A couple of years later, his father had another stroke. He was the only one at Baba’s side when he passed. As life ebbed out of him, Baba was unable to speak. Holding his limp hand, Durosinmi’s heart thumped fast from the fear and desperation that widened his father’s eyes in those last minutes. Baba’s mouth opened and he gasped. He had the feeling Baba wanted to tell him something, but could not. That look in Baba’s eyes haunted Durosinmi every time he thought about his father.
After Baba’s death, his mother moved away to live with one of his brothers. Mama told him she needed grandchildren to keep her busy. Just a few months shy of his twenty-fifth birthday, Durosinmi saw no need to rush into marriage. He considered himself a good man. Unlike most of his friends, he did not drink, smoke or chase women. While his parents had raised him as an atheist, they had always emphasized the importance of being good to others. They had rarely turned down requests for help and as far as he knew, wished no one evil. If indeed there were a supreme being, surely he or she would see that they had earned their place in heaven. That was, if such a place existed.
Durosinmi sighed and turned off the main road into a windy, untarred street named after his father. Their family had been the first to move to the street. He winced as the bottom of the car scraped against the large stones jutting out of the road. He could not afford another emergency visit to the mechanics. He had just stopped the car in front of his house gates when he saw Baba Ibeji standing in front of their bungalow, dressed in the usual white shirt and blue trousers that were a holdover of his days as a school principal, and waving to him.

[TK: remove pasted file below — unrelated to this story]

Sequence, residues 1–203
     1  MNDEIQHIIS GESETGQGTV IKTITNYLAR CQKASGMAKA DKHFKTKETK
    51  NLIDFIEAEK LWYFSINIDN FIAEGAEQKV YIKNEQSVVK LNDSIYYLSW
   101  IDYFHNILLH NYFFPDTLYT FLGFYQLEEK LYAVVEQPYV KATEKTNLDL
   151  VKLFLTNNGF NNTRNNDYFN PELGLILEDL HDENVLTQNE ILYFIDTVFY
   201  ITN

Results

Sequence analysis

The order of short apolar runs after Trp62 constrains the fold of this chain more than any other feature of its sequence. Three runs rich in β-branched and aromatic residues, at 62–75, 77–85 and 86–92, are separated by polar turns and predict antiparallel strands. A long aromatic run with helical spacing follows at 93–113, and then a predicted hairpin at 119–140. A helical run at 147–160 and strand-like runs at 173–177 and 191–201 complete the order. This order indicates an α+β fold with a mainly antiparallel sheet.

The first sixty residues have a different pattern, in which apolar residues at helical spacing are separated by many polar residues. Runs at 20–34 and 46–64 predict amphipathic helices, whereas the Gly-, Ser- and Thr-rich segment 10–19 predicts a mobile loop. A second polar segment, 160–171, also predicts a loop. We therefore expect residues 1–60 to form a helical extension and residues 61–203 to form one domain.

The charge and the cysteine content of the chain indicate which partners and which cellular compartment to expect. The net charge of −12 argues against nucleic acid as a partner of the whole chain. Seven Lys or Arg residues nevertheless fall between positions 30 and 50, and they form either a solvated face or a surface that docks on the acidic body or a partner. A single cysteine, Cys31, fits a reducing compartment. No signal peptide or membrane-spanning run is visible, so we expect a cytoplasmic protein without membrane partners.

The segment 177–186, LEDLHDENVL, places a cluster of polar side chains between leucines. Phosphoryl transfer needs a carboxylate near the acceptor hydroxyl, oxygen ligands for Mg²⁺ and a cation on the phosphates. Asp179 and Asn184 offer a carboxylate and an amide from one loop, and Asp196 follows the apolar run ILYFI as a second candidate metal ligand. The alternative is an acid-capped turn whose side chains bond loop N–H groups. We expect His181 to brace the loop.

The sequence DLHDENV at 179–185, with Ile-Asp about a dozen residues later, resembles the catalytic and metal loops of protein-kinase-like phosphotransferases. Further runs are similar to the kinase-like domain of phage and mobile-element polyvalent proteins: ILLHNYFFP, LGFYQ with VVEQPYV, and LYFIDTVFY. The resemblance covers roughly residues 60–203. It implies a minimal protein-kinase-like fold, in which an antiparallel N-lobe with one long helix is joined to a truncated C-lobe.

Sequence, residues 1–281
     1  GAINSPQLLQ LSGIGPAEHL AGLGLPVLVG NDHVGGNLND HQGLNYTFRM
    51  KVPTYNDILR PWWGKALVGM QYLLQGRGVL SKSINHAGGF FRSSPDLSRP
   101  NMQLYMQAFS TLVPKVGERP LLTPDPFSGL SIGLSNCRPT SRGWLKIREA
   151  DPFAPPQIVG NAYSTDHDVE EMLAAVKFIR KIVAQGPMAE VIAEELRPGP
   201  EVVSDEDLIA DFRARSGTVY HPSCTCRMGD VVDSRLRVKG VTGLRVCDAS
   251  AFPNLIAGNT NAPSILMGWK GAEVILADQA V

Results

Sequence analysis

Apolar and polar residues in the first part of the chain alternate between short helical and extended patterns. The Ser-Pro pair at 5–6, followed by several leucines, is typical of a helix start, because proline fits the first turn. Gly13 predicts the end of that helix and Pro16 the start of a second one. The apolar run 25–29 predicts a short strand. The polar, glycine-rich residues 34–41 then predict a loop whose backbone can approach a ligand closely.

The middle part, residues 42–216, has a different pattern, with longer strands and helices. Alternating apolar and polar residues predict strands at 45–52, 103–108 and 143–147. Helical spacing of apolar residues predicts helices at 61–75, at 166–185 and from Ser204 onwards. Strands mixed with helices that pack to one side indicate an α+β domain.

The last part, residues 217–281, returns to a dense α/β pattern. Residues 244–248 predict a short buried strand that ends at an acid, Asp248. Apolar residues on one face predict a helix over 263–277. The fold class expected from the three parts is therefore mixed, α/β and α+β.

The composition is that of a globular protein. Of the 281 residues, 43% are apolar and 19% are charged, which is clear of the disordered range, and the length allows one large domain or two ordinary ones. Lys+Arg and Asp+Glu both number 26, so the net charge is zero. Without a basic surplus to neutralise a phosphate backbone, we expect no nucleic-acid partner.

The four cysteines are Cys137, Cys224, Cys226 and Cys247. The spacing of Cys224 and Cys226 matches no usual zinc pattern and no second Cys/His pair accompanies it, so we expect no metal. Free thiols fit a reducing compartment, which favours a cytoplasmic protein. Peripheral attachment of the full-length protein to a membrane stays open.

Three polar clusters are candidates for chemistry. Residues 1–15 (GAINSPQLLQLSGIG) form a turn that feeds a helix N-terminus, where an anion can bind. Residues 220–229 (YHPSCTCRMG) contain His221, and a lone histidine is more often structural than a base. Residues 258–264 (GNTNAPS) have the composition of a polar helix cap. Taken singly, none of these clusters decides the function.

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Product Details
Author: Naija Stories
Publisher: NS Publishing
Publication date: 2012
Pages: 67
Product dimensions: 422 x 600
More About This eBook
Overview
Wiping Halima's Tears and Other Stories is a collection of Nigerian short stories centered around the themes of sadness, regret and heartbreak. The tales are rich in variety; they range from a child being forced into an early marriage to a would-be emigrant seeking greener pastures. But the one
thing they share in common is a capacity to touch the wellspring of
compassion in you.
Editorial Reviews
About Author
Naija Stories is a social network for Nigerian writers of all skill levels and readers of both genre novels and literary fiction. It is an avenue for readers and publishers to discover new authors and for writers to share their work, gain recognition, and connect with their audience and each other.